Short-term memory also affected divergent thinking, albeit to a smaller degree than mental speed. This positive relationship might be the result of a larger short-term memory capacity enabling the test-taker to remember which answers he had already given or which categories of ideas he had already produced while working on the divergent thinking task (Batey, Chamorro-Premuzic, & Furnham, 2009).
 Early analyses by Mednick (1962) and more recent replications by Howard-Jones (1999) suggest that tight time limits in divergent thinking tasks might in fact favor less creative people: These studies found that individuals with a flat “associative hierarchy” (i.e., those who are able to access remote associations for a given stimulus and who can hence be classified as very creative) generate more diverse and uncommon ideas than individuals with a steep hierarchy of associations, but that they do so steadily at a rather slow pace. Yet individuals with steep hierarchies, who deliver predominantly ordinary ideas and can hence be termed less creative, produce their responses quickly but have soon depleted their limited reservoir of ideas. When test subjects are allowed to work on a divergent thinking task for only a few minutes, those with steep hierarchies might in total produce more ideas than those with flatter hierarchies. The administration of divergent thinking tasks with more relaxed time limits might therefore improve the operationalization of the construct.
4.3. School achievement as the criterion variable
In this study, we assessed school achievement on a very general level, that is, on the level of grades in various subjects that have been assigned during a whole school term. Teacher assigned grades not only reflect academic achievements but also a bundle of further characteristics of students and teachers, e.g., teacher–student relationship, individual grading styles of teachers etc. However, in our data analyses we controlled for possible reference group effects that influence teachers when assigning school grades (“grading-on-a-curve”). The relations between cognitive abilities and achievements in standardized assessments might differ slightly from the results presented in this article. Results probably also differ when very specific aspects of school achievement are investigated (e.g., mathematical problem solving, reading fluency).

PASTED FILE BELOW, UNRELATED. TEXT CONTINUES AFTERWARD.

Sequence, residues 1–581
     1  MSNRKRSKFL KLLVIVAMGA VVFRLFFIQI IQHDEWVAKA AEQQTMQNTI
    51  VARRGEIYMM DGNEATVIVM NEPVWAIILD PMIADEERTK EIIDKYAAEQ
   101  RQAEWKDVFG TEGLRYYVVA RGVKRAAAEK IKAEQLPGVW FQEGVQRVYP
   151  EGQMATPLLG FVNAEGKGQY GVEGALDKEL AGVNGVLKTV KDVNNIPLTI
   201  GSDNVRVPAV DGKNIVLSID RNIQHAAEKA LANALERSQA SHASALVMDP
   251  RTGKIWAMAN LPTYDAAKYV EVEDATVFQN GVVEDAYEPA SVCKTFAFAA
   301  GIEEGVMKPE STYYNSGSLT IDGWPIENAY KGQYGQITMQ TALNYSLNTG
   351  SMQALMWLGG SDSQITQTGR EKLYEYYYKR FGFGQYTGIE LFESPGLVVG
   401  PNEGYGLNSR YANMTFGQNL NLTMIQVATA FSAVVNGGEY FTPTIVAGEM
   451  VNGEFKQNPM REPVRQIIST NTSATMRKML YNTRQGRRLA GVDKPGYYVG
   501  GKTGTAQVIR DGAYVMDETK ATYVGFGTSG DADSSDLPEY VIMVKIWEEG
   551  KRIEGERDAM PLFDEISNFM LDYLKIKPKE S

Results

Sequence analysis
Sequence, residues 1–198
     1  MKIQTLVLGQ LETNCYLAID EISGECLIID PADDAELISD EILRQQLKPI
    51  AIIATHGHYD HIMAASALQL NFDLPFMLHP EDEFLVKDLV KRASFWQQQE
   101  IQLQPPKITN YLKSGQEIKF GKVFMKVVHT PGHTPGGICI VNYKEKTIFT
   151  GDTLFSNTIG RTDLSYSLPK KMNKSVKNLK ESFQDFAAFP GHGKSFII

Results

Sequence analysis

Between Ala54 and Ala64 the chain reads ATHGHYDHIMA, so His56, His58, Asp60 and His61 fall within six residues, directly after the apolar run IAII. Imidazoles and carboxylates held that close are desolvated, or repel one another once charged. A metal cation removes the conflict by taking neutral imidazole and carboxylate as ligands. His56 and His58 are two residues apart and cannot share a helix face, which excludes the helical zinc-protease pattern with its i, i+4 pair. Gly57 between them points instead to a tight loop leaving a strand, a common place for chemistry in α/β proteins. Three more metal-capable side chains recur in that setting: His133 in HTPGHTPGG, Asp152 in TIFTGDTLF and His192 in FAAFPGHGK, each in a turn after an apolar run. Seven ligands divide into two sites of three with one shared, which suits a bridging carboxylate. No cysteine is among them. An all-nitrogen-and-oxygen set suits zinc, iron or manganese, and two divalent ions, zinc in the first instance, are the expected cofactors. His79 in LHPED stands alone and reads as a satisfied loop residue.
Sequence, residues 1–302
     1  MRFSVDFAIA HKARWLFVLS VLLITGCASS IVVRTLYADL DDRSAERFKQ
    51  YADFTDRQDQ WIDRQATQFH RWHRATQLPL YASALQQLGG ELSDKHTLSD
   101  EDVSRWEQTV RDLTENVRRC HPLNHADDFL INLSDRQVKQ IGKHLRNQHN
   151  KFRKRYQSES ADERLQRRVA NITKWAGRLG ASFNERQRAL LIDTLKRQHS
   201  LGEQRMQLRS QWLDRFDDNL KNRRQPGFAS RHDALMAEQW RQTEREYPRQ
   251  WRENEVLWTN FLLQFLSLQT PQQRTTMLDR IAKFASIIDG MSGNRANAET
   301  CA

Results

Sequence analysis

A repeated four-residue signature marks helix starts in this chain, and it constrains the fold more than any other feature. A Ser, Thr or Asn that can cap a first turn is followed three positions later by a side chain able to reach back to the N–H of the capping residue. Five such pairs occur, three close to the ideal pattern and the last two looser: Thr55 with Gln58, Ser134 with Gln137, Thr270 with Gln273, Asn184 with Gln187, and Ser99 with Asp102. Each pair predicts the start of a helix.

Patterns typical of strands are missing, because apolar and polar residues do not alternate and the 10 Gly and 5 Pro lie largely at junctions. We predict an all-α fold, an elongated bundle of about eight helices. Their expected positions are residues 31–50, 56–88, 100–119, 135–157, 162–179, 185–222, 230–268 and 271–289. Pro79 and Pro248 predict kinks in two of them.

4.4. Future directions and implications
The results presented in this paper support the existing evidence that multimodal assessments are beneficial when the prediction of academic achievement is of interest. We considered four cognitive abilities that, to our understanding, represent a central subset of the universe of cognitive abilities. However, a more extensive sampling of cognitive abilities would provide more insight into mediation effects within the hierarchy of cognitive abilities when predicting academic achievement. Future research should include further basic abilities as well as more complex abilities, which have been shown to be relevant for predicting academic achievement. For example, a unique contribution to the explanation of variance in school achievement has been reported for measures of working memory (Luo et al., 2006; Vock & Holling, 2008) and for crystallized intelligence (Luo et al., 2006).
We assume that the ability of cognitive abilities to directly affect academic achievement differs across age groups, since to our understanding, more complex cognitive abilities develop on the basis of fundamental abilities. Different structural relations among intelligence factors and academic achievement have been reported in the literature for different age groups. Mental speed, for instance, has been shown to be more important for reading abilities in younger children than in older children or adults (e.g., Floyd et al., 2007). While the assessment of more complex cognitive abilities may have been sufficient to assess the individual potential for academic achievement inthe sample of adolescents under examination here, the assessment of more fundamental abilities might be more useful in a sample of children at an earlier stage of development. For younger students, the assessment of fundamental cognitive abilities may therefore yield relevant additional information, as had been demonstrated for mental speed and working memory (Luo et al., 2006; Vock & Holling, 2008). Since the results presented here are confined to students between the ages of approximately 12 and 16, it would be illuminating to replicate similar analyses for younger age groups in future studies.